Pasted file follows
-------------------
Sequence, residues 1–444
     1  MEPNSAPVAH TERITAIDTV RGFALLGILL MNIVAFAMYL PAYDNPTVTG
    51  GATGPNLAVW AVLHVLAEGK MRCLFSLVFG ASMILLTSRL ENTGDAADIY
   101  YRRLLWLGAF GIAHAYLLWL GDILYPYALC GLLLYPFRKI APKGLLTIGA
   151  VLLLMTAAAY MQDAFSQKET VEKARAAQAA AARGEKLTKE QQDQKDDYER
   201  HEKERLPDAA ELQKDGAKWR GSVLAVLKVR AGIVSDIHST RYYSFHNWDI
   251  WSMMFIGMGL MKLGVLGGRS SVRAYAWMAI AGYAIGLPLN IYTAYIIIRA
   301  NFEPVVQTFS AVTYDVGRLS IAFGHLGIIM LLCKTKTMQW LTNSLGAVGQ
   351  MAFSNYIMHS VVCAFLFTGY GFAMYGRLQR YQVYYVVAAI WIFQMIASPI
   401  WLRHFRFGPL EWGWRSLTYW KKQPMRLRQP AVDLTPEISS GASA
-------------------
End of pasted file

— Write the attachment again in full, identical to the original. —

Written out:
Sequence, residues 1–444
     1  MEPNSAPVAH TERITAIDTV RGFALLGILL MNIVAFAMYL PAYDNPTVTG
    51  GATGPNLAVW AVLHVLAEGK MRCLFSLVFG ASMILLTSRL ENTGDAADIY
   101  YRRLLWLGAF GIAHAYLLWL GDILYPYALC GLLLYPFRKI APKGLLTIGA
   151  VLLLMTAAAY MQDAFSQKET VEKARAAQAA AARGEKLTKE QQDQKDDYER
   201  HEKERLPDAA ELQKDGAKWR GSVLAVLKVR AGIVSDIHST RYYSFHNWDI
   251  WSMMFIGMGL MKLGVLGGRS SVRAYAWMAI AGYAIGLPLN IYTAYIIIRA
   301  NFEPVVQTFS AVTYDVGRLS IAFGHLGIIM LLCKTKTMQW LTNSLGAVGQ
   351  MAFSNYIMHS VVCAFLFTGY GFAMYGRLQR YQVYYVVAAI WIFQMIASPI
   401  WLRHFRFGPL EWGWRSLTYW KKQPMRLRQP AVDLTPEISS GASA